Artificial Snow (How Products are Made)
Artificial snow is small particles of ice that are used to increase the amount of snow available for winter sports such as skiing or snow boarding. It is produced by a machine that uses a high-pressure pump to spray a mist of water into the cold air. The water droplets subsequently crystallize to form fake snow. The first commercially successful machines were developed in the 1950s and improvements in technology have steadily been introduced. With the increase in the popularity of winter sports, the artificial snow market is expected to show significant growth.
The machines that produce artificial snow are designed to mimic the way that natural snow is made. In nature, snowflakes are formed when the temperature falls below 32° F (0° C). Atmospheric water then condenses on particles in the air and crystallizes. This action produces snowflakes that have a variety of sizes and shapes.
In a snow machine, water is first mixed with a nucleating material. It is then pressurized and forced through an atomizing nozzle. This breaks the water up into a mist, which is then injected with compressed air to break it up even further. As it exits the snow machine, the mist crystallizes on the nucleator and turns into tiny snow-like ice particles. Depending on the quality of the snow machine, the artificial snow can be as good as natural snow.
Although archeological evidence suggests that humans first skied about 4,000 years ago, interest in this activity as a sport did not begin until the middle of the nineteenth century. In 1883, the first international competition was held in Norway. The sport soon spread to the rest of Europe and America. As the popularity of skiing increased so did the need for a device that could provide snow when it was not naturally available. This need led to the development of the first artificial snow making machines.
One of the first machines was patented in the early 1900s. While it was functional, this machine was crude and unreliable. Steady improvements in design led to the development of a compressed air snow-making machine in the 1950s. This machine worked by using compressed air to force water through a nozzle. The nozzle would break the water up into smaller droplets, which would subsequently crystallize. The Pierce device, named after its inventor, was effective enough that most ski resorts used it. However, it did have its drawbacks, most notably, the nozzle tended to clog and it required a very high amount compressed air. This made it expensive to run. Additionally, the machine was quite noisy, and the snow that it produced tended to be wetter and icier.
During the 1970s, a variety of new innovations were introduced to the machines that improved the quality and method of producing artificial snow. One improvement was the addition of a rotating base and fan. The fan would blow the newly created snow farther away from the machine than compressed air alone and the rotating base allowed the direction of the snow to be changed. This made it possible to cover a much larger area with a single machine. Another improvement was the introduction of a ducted-fan machine. These machines were portable, making it possible to use them all over the ski run. They were superior to compressed air machines because they were significantly quieter and were less expensive to run.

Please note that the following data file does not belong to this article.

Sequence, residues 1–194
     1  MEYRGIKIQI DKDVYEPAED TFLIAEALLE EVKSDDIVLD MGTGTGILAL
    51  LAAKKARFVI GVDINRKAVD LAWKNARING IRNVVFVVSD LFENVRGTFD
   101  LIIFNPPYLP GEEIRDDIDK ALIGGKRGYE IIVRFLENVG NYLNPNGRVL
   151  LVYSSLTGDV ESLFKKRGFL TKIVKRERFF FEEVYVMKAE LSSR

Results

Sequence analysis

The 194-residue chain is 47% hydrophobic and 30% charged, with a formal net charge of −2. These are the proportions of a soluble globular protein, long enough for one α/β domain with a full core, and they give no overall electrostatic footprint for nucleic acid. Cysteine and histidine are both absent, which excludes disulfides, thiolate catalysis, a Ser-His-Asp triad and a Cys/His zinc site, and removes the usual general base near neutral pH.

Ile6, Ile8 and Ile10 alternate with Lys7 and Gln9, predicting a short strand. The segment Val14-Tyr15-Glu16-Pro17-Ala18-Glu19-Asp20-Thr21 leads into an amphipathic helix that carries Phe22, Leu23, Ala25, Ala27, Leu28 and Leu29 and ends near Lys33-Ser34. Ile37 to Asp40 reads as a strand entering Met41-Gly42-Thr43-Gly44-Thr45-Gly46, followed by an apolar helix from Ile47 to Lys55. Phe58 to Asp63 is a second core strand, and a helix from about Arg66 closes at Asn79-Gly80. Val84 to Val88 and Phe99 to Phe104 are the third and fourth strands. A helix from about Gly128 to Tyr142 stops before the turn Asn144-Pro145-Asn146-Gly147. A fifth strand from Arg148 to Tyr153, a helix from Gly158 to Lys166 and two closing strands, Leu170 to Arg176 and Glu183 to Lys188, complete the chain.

In 1975, a nucleating agent was discovered by Steve Lindow, a graduate student at the University of Wisconsin. While investigating a method to protect plants from frost damage, he found a protein that attracts water molecules and helps them form crystals. It was soon realized that this would be a useful material for making artificial snow. The material was then trademarked and is now sold under the trade name Snomax.
As electronics improved, so did the controls for artificial snow-making machines. Computer controls were added, as were sensors that could automatically detect snow requirements. Higher powered fans were also added. Various other innovations led to machines that could produce better snow and more of it. Today, nearly all ski resorts employ some type of artificial snow-making system to improve skiing conditions and increase the length of the ski season.
Water is the primary ingredient required to make artificial snow. Since ski areas are located on mountains however, finding an appropriate water supply is often a problem. If rivers or creeks are nearby they may be used. Otherwise, ponds or dams are created at the bottom of the mountain to produce a storage supply of water. The water is then pumped to the snow-making machines when needed.
In addition to water, compressed air and a nucleating material are also required to make snow. The compressed air is obtained using a pump. The nucleating agent is a biodegradable protein, which causes water molecules to form crystals at a higher temperature than normal. It is obtained from a nontoxic strain of a bacterium called Pseudomonas syringae. On average, this material can increase the amount of snow produced by a machine by 50%. It also helps produce lighter, drier flakes.
The most important part of any snow-making system is the snow-making machine called a snow cannon or snow gun. A variety of designs are available, however most contain common elements including compressors, pumps, fans, and controls.